Friday, June 12, 2015
Roberto Alvarez, University of Chile and Rolando Campusano, Central Bank of Chile ask Does Competition Spur Innovation in Developing Countries?
ABSTRACT: Using the Climate Investment Survey from the World Bank, we analyze the effect of competition on technological innovation in developing countries. We deal with endogeneity of competition by using the interaction between industry turnover and entry regulation as an instrument. The basic idea for this instrument is that entry regulations have a negative and more pronounced effect on competition in those industries with more natural turnover. Our results indicate a negative impact of competition on several measures of innovation outputs and inputs, which are robust across industries and using alternative measures of competition.
Jose-Luis Moraga-Gonzalez, Zsolt Sandor, and Matthijs Wildenbeest have a paper on Consumer Search and Prices in the Automobile Market.
ABSTRACT: In many markets consumers have imperfect information about the utility they derive from the products that are on offer and need to visit stores to find the product that is the most preferred. This paper develops a discrete-choice model of demand with optimal consumer search. Consumers first choose which products to search; then, once they learn the utility they get from the searched products, they choose which product to buy, if any. The set of products searched is endogenous and consumer specific. Therefore imperfect substitutability across products does not only arise from variation in their characteristics but also from variation in the costs of searching them. We apply the model to the automobile industry. Our search cost estimate is highly significant and indicates that consumers conduct a limited amount of search. Estimates of own- and cross-price elasticities are lower and markups are higher than if we assume consumers have full information.
Thursday, June 11, 2015
Can a Platform Make Profit with Consumers' Mobility? A Two-Sided Monopoly Model with Random Endogenous Side-Switching
Pierre Andreoletti, Pierre Gaze, and Maxime Menuet (all University of Orleans) ask Can a Platform Make Profit with Consumers' Mobility? A Two-Sided Monopoly Model with Random Endogenous Side-Switching.
ABSTRACT: We model a specific two-sided monopoly market in which agents can switch from a side to the other. We define two periods of time. In the first period, agents buy the platform services on each side and in the second period of time, they can possibly enhance their satisfaction by going to the other face of the platform. We analyze the link between mobility, consumer’s utility, prices and profit. We show that mobility is a valuable feature which can be compared with an increase of product quality. Finally, the firm is able to capture the mobility in its monopoly’s profit. The relative size of each group then appears as a strategical variable for the firm.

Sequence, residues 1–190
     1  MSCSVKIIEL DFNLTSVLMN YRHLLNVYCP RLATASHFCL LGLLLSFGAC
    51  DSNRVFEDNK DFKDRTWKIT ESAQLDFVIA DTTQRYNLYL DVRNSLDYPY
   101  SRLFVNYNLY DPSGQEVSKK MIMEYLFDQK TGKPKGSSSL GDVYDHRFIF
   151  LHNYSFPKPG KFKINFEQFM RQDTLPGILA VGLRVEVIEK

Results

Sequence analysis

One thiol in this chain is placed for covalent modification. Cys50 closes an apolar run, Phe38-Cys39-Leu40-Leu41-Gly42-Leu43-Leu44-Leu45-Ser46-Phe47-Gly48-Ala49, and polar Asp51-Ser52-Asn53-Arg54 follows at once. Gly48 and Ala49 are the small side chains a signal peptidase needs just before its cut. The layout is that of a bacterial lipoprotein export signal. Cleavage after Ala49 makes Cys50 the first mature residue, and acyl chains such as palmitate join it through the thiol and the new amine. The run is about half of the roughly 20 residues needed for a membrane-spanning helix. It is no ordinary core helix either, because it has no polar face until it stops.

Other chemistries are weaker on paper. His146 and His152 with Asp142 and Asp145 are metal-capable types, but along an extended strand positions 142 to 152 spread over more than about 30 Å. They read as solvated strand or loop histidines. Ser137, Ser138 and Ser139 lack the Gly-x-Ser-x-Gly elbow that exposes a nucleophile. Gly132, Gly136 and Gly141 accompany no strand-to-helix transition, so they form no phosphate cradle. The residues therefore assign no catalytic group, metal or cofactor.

Comparing the Costs of Vertical Separation, Integration, and Intermediate Organisational Structures in European and East Asian Railways
Fumitoshi Mizutani (Graduate School of Business Administration, Kobe University) ; Andrew Smith (Institute for Transport Studies, University of Leeds); Chris Nash (Institute for Transport Studies, University of Leeds) and Shuji Uranishi (Graduate School of Economics, Osaka City University) are Comparing the Costs of Vertical Separation, Integration, and Intermediate Organisational Structures in European and East Asian Railways.
ABSTRACT: There is a major policy debate within Europe and more widely on how to structure railway systems to enhance competition, whilst minimising costs. This is the first study in the academic literature to examine, using econometric methods, the cost impacts of three different approaches to structuring railway systems: vertical separation, vertical integration and the intermediate holding company model. Our analysis is based on a panel of European and East Asian railways (1994-2010). We find that the optimal railway structure depends on the intensity and type of traffic running on the network. Our research suggests that, at least on cost grounds, countries should be free to choose between vertical integration, the holding company model or vertical separation.
Goutam Dutta, Indian Institute of Management, Ahmedabad and Sumitro Santra, Indian Institute of Management, Ahmedabad describe Price Movements of the Competing Airlines in the Indian Market: An Empirical Study (A).
ABSTRACT: In this paper, we analyze the price movements of the Indian domestic airline industry. In the first part, we conduct a detailed econometric analysis of five selected domestic routes. In the second part, we study the weekend effect on the average airfare. Our research suggests that competition steps up airfares as the departure date comes closer and weekend airfares are higher than weekday airfares. The application of Revenue Management and Dynamic Pricing is the common practice in the Indian domestic airlines industry.
Christoph Engel (Max Planck Institute for Research on Collective Goods, Bonn) explains Tacit Collusion – The Neglected Experimental Evidence.
ABSTRACT: Both in the US and in Europe, antitrust authorities prohibit merger not only if the merged entity, in and of itself, is no longer sufficiently controlled by competition. The authorities also intervene if, post merger, the market structure has changed such that "tacit collusion" or "coordinated effects" become disturbingly more likely. It seems that antitrust neglects the fact that, for more than 50 years, economists have been doing experiments on this very question. Almost any conceivable determinant of higher or lower collusion has been tested. This paper standardises the evidence by way of a meta-study, and relates experimental findings as closely as possible to antitrust doctrine.